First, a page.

Speaking of those who collect rocks and minerals for fun, they’re facing a fresh challenge to their old hobby. Rockhounding was, according to Times staff writer Louis Sahagún, “pretty much born in Southern California in the 1930s, with the advent of Route 66, and it enabled people in their Model Ts to venture into the desert and explore dirt roads and look for rocks and minerals.” In rockhounding’s heyday in the 1950s, Sahagún notes that as many as 2 million homes had lapidary equipment, which was used to polish and cut rocks into curiosities like bolo ties, bookends and crystal balls.

Now, one of the hot spots for collecting in our area, Mojave Trails National Monument, where you’ll find agate, quartz and jasper, may soon be off-limits. When the U.S. Bureau of Land Management finalizes its management plan this year, it may choose to classify rock collecting as a form of mining, the latter which is regulated on public lands. But rockhounding is not mining, hobbyists and mineralogists insist. Lisbet Thoresen, a mineralogist, makes a good point: “How are students going to learn to be geologists if not in nature’s own classroom?”

Rockhounds are asking the BLM to make an exception for the Mojave Trails National Monument, which Sahagún calls the “Valhalla of rockhounding” in his interview with Lisa McRee of “L.A. Times Today” (the video is at the bottom of the article). The exception could then be used as a guide to allow rockhounding at other public sites. Sahagún says rockhounds make another good point about hunting at the national monument: “Why is it OK to shoot a deer in a monument and drag it home, and not take a piece of agate off the ground?’

For those who argue that rockhounding might deplete our natural supply of rocks and minerals, that’s unlikely, according to Sahagún. With the current BLM rules, you’re allowed to take up to 25 pounds of rocks, minerals and semiprecious gemstones per day, or 250 pounds per year, for personal use, but most rockhounders are searching for uniqueness, not heavy troves of rocks. If it’s for something other than personal use, such as landscaping or selling, collectors need a permit to do so on public land. Rockhounding is generally prohibited in all national parks.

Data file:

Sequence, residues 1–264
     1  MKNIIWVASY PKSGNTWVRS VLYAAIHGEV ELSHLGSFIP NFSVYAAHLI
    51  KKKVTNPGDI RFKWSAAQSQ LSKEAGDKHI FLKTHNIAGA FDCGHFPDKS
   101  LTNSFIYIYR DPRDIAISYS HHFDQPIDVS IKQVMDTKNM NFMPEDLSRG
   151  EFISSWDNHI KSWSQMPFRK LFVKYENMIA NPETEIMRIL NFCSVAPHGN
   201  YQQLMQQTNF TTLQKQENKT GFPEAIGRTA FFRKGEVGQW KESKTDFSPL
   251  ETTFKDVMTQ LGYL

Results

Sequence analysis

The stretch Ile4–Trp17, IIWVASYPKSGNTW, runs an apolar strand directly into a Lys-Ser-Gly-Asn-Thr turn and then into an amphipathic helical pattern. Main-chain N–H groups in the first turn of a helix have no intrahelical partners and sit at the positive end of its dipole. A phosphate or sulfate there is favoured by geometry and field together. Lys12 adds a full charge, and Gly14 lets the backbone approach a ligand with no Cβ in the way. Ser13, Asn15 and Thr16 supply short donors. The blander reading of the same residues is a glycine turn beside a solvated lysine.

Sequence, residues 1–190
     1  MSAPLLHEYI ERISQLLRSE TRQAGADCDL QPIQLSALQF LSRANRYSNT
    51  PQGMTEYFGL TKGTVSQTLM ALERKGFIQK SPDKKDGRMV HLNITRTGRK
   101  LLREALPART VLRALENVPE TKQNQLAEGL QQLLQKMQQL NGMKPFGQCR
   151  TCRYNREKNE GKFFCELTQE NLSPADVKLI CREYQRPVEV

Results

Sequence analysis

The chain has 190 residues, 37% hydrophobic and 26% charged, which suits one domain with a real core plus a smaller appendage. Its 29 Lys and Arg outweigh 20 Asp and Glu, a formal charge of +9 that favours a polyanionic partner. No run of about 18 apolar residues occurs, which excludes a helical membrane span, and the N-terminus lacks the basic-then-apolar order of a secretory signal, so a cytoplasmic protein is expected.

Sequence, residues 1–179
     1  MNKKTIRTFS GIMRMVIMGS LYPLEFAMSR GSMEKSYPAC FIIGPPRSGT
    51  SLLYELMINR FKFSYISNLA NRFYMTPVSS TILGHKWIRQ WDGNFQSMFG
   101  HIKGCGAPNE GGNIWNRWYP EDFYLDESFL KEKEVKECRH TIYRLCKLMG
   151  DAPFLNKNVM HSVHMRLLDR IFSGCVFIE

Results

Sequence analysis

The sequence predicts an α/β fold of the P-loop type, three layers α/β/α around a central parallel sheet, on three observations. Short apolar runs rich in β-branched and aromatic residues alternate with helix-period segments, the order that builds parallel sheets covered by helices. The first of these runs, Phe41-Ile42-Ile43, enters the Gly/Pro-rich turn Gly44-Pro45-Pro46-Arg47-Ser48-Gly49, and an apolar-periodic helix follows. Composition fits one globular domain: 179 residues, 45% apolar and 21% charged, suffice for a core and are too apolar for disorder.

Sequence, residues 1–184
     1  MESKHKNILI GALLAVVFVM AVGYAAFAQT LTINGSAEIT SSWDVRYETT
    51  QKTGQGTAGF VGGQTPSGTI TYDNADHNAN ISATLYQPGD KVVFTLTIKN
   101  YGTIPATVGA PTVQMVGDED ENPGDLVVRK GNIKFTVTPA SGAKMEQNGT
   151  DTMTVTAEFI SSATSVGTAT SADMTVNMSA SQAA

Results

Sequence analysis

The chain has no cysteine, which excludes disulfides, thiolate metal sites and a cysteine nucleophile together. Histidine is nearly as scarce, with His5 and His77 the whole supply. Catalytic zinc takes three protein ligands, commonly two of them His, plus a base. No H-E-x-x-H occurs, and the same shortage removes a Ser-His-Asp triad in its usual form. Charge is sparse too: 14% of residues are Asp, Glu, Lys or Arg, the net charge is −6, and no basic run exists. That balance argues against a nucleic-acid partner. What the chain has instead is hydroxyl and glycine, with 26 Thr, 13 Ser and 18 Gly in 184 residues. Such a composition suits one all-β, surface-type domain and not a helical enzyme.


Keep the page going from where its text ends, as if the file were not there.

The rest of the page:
Happy adventuring,

Dakota Kim's signature


A meteor streaks across the sky during a previous Perseid meteor shower.
Get ready to peep some meteors, especially on Aug. 12 and 13.
(Don Bartletti / Los Angeles Times)

Are you heading out to see the Perseids this weekend? Check out Matt Pawlik’s guide on where to catch the best of this year’s showy showers. Aug. 12 and 13 are the best days for seeing up to 100 meteors per hour. You won’t want to miss this year’s display, which will be easier to see with a less full moon than last year.

For more insider tips on Southern California’s beaches, trails and parks, check out past editions of The Wild. And to view this newsletter in your browser, click here.